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Earthen wall houses

No 3, Vol.10 , September  -  October 2015

A Ha Nhi rammed earthern wall house in snow at Y Ty, Bat Xat Dist., Lao Cai Province. Photo: Pham Bang

Legends have it that a long, long time ago, the Hmong, Yao and Ha Nhi peoples on the Y Ty highlands, in Bat Xat District, Lao Cai Province farmed their terrace fields and lived peacefully. But one winter, the weather was so cold that water froze. Bamboo houses could not withstand the severe cold and collapsed. The old ones couldn’t bear the cold and died. People cried day and night, and their grief penetrated to heaven.

Bulding a rammed earthern wall house at Nam Dam Town, Quan Ba Dist., Ha Giang Province. Photos: Nguyen Bach Chien

During that time, brigands from all around came to loot the villages. They used catapults to destroy dwellings, thus making the cold even colder. Giang (Heaven) heard the laments of the local people, and sent Hong Ngai Mountain God down to teach the Hmong, Yao and Ha Nhi peoples the way to build rammed earthen wall houses to protect themselves from the cold and the bandits. Since then, the Hmong of Hong Ngai Village knew how to make rammed walls. This is also the village with the best rammed wall houses of Y Ty highland commune in Bat Xat Dist.

Bulding a rammed earthern wall house at Nam Dam Town, Quan Ba Dist., Ha Giang Province. Photos: Nguyen Bach Chien

The Hmong people of Hong Ngai Village have a special procedure of house building. According to Mr Vang A Su, 56, an ex-chairman of Y Ty Commune, before making a house, a Hmong family has to choose a good day and time and a flat area of 40 - 50 m² of land. They have to cook a chicken and some sticky rice to make a sacrifice and pray their house would be strong and endure the centuries. To have four walls as strong as steel that even bullets can’t penetrate, they have to find an adhesive kind of mountain soil. First, Hong Ngai villagers use stones to make the house foundation. The foundation is built on the ground, without digging in to it as people in the low lands. Then, they reinforce strong boards to make formwork, much like those for making concrete slabs. The walls of a 40 m² house must be 40 cm thick. They fill the form with the selected soil and beat and bray it hard with pestles until blows leave no mark. The boards removed, the wall looks smooth, as if filed.

Building a rammed earthern wall house at Nam Dam Town, Quan Ba Dist., Ha Giang Province. Photo: Nguyen Bach Chien
Then they make the next level on top of the built wall. Each such level is about 40 cm high. They fill it with soil and bray it again exactly the same way. The upper layer would bond with the lower as one. Layer upon layer, it takes months to finish the walls. Mr Vang A Su told us that five-six form layers would be enough, but some families make seven-eight layers. Some in Pha Long of Muong Khuong District even make nine layer-tall walls.

Building a rammed earthern wall house at Nam Dam Town, Quan Ba Dist., Ha Giang Province. Photo: Nguyen Bach Chien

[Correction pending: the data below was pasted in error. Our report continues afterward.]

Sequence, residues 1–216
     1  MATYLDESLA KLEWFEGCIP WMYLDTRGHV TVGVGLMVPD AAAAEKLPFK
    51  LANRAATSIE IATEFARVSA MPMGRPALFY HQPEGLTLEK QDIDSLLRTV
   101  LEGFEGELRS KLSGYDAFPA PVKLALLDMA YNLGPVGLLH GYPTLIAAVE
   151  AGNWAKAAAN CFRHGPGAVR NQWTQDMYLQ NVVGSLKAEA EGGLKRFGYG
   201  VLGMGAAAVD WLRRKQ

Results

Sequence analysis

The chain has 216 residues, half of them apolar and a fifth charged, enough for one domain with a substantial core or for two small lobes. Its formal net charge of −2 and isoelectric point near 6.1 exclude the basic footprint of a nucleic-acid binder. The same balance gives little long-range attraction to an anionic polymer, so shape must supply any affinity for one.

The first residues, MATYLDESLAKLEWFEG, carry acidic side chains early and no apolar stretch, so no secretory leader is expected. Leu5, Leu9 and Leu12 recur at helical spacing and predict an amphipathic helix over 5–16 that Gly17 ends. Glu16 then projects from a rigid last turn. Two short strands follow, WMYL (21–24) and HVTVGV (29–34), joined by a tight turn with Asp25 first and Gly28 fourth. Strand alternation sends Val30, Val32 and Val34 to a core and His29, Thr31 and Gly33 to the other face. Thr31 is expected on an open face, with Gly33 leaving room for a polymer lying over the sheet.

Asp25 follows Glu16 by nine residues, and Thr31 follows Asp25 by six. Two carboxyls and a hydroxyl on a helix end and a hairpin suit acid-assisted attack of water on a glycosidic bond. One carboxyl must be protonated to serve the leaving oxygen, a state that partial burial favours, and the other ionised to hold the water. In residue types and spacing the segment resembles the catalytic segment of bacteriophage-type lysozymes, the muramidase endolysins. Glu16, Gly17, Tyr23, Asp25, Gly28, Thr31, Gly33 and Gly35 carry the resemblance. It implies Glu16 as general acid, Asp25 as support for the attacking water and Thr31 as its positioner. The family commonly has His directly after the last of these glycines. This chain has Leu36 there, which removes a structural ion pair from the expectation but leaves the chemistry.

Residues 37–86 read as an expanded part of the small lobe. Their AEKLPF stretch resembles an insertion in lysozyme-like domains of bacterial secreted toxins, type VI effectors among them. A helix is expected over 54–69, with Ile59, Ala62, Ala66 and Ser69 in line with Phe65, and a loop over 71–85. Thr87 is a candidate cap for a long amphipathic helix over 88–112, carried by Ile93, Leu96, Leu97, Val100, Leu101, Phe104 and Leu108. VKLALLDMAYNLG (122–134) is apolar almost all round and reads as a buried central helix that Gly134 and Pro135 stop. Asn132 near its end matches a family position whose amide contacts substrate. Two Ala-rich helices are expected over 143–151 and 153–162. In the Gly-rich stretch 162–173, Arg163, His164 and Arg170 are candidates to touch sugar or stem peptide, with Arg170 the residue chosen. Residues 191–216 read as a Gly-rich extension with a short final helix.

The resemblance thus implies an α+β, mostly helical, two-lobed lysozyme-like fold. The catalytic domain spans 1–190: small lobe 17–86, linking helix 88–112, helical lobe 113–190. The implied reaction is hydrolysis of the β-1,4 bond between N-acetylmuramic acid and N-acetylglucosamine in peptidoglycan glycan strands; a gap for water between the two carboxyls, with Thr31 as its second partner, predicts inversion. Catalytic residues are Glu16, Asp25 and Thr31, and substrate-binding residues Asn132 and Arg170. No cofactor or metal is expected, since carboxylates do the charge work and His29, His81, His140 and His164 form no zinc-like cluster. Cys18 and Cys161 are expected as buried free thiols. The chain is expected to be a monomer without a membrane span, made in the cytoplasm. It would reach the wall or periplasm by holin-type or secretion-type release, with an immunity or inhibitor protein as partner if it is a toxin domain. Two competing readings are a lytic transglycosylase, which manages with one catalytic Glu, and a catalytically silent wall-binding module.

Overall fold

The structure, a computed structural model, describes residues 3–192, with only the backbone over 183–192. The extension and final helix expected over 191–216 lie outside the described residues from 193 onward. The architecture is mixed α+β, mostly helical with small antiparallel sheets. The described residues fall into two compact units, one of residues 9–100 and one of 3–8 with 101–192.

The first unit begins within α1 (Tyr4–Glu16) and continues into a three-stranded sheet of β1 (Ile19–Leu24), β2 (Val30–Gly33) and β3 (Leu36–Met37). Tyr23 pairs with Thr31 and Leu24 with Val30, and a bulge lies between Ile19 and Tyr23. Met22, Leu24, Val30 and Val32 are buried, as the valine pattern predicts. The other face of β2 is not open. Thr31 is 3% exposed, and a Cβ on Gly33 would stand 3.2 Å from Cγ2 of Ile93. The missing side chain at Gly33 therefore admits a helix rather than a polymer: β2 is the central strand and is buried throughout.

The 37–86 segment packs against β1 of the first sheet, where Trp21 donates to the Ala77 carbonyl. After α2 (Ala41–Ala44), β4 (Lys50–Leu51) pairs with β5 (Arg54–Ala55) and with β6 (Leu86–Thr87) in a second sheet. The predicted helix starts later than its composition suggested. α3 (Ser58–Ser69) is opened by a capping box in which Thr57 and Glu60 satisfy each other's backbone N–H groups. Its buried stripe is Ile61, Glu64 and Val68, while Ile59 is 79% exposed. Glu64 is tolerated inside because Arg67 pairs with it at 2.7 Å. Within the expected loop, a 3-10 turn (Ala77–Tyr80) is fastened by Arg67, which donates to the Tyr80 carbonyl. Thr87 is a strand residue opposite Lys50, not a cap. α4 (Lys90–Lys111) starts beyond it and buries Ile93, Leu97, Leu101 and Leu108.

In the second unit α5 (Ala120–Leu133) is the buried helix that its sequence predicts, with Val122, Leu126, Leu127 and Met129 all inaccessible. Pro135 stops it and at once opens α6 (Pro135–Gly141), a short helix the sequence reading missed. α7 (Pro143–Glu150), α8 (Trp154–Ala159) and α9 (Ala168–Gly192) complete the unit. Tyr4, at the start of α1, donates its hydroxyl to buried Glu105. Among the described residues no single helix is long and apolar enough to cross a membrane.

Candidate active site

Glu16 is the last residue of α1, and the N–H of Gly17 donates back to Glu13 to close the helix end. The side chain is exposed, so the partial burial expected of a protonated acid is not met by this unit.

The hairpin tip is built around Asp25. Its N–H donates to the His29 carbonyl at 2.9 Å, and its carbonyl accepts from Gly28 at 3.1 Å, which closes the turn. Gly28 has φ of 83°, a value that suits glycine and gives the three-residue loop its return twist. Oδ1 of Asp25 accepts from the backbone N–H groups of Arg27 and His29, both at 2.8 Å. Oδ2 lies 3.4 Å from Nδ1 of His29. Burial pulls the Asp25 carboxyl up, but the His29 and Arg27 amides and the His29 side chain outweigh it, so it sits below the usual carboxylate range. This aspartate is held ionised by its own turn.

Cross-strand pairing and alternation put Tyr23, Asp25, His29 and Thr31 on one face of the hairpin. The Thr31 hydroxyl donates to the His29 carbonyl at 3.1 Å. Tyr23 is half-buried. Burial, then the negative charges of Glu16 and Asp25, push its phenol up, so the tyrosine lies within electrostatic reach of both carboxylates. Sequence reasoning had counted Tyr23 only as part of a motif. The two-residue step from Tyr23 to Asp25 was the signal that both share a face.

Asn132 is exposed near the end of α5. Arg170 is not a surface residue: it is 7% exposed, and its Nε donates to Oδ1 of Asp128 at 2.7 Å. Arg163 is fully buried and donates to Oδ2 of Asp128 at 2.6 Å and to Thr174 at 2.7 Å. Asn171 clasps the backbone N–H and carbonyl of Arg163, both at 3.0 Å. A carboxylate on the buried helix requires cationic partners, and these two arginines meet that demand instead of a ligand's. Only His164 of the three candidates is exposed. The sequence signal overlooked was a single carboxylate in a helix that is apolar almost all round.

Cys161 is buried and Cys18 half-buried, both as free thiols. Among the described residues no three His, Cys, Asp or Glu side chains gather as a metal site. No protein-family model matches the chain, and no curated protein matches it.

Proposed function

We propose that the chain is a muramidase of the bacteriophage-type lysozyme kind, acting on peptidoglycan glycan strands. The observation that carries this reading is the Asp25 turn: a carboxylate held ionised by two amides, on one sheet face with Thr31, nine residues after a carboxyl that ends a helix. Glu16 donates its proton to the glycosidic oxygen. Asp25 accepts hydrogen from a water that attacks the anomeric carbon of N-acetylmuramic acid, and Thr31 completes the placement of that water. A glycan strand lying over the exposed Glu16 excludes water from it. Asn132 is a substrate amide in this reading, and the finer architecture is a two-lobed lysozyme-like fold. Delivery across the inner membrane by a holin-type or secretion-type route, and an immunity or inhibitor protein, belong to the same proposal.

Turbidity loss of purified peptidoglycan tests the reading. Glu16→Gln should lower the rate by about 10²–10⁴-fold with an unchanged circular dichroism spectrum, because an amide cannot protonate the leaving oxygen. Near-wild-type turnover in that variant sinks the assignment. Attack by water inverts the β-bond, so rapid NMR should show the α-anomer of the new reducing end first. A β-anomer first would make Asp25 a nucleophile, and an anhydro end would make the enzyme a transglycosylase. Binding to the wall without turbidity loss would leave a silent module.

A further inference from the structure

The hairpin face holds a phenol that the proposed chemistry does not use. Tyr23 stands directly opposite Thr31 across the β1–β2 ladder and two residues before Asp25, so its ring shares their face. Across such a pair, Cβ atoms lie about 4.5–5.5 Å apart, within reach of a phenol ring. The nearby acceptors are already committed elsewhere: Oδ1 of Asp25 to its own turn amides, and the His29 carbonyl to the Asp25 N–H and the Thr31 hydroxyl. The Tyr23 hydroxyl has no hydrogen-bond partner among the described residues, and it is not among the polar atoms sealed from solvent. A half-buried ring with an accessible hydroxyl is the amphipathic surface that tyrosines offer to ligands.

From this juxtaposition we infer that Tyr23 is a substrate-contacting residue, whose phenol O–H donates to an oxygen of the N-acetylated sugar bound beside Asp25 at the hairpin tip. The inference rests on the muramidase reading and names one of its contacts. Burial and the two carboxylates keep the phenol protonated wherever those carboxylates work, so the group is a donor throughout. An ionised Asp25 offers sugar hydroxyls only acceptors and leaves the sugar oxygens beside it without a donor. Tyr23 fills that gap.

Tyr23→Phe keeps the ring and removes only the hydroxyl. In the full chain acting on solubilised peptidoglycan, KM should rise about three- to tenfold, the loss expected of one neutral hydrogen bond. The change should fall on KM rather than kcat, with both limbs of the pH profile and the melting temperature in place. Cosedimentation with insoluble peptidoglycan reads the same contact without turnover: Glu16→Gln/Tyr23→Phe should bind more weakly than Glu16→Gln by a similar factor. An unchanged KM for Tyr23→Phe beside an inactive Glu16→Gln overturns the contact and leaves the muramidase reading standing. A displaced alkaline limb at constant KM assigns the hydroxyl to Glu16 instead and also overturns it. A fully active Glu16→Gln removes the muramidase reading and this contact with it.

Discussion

The walls finished, they use oak, Fujian cypress or menghundor wood to make the house frame. None of the walls have piers. Wooden pillars inside do the reinforcement. After the frame come the roofs. The Hmong of Hong Ngai used to thatch their roofs. Since the Government introduced the 135 Program, they modernized their houses with cement sheets. In Bac Ha District, Mr Vang A Tuong built a two-storey house in 1921, roofed with peeled layers of cypress wood, still a wonder of Lao Cai architecture for visitors to contemplate.

A Ha Nhi Village at Y Ty Commune, Bat Xat Dist, Lao Cai Province
Photo: Nguyen Tuan Anh

Hmong rammed wall houses at Y Ty have a front door in the middle and a back door connected with a buffalo or horse stable at the back. They also have one or two hive-like windows for ventilation near the front door.

A rammed earthern wall house at Y Ty Commune. Photo: Nguyen Binh
Ha Nhi rammed houses at Y Ty are somewhat different from the Hmong ones. They are square instead of rectangular. The wall faces, both inside and outside, are buffed smooth. In the house they build another wall, also earthen, about 1.5m from the door. Behind this wall is the kitchen and bedroom of the house owner.

A Ha Nhi rammed earthern wall house in snow at Y Ty Commune.
Photo: Nguyen Cong Binh

Seen from above, the ethnic rammed wall houses of Y Ty look like giant mushrooms on a mountain slope, very nice, cosy and cute.
Major Ha Duc Hon of Y Ty border patrol outpost, who spent long years living on this land and studying rammed wall houses, told me that this is a unique feature of residential architecture of the Y Ty highland. Inside the house, it’s warm in the freezing cold of winter and cool in 37 the summer. The walls are bulletproof and don’t shake at all, even when butted by buffalo.

A rammed earthern wall house at Y Ty Commune. Photo: Pham Bang
When building rammed wall houses, the ethnic people of Y Ty avoid bare hills and mountain slopes near creeks, where landslides are frequent. Otherwise, even hurricanes and tornadoes can take away only the roofs. The house remains strong like a castle.

Dao Do people building a rammed earthern wall house at A Lu Commune, Bat Xat Dist. Lao Cai Province. Photo: Pham Bang

Hong Ngai Village of Y Ty Commune currently has 71 very beautiful rammed wall houses. Lao Chai, Sin Chai 1 and Sin Chai 2 Villages have about 30-40 rammed wall houses each. Some decade-old thatched roofs are covered with moss, which makes them look even more attractive. Groups of domestic and foreign visitors and researchers have come here to see the houses. Many couldn’t help remarking ‘What a wonder!’n

By Han Viet Hoan
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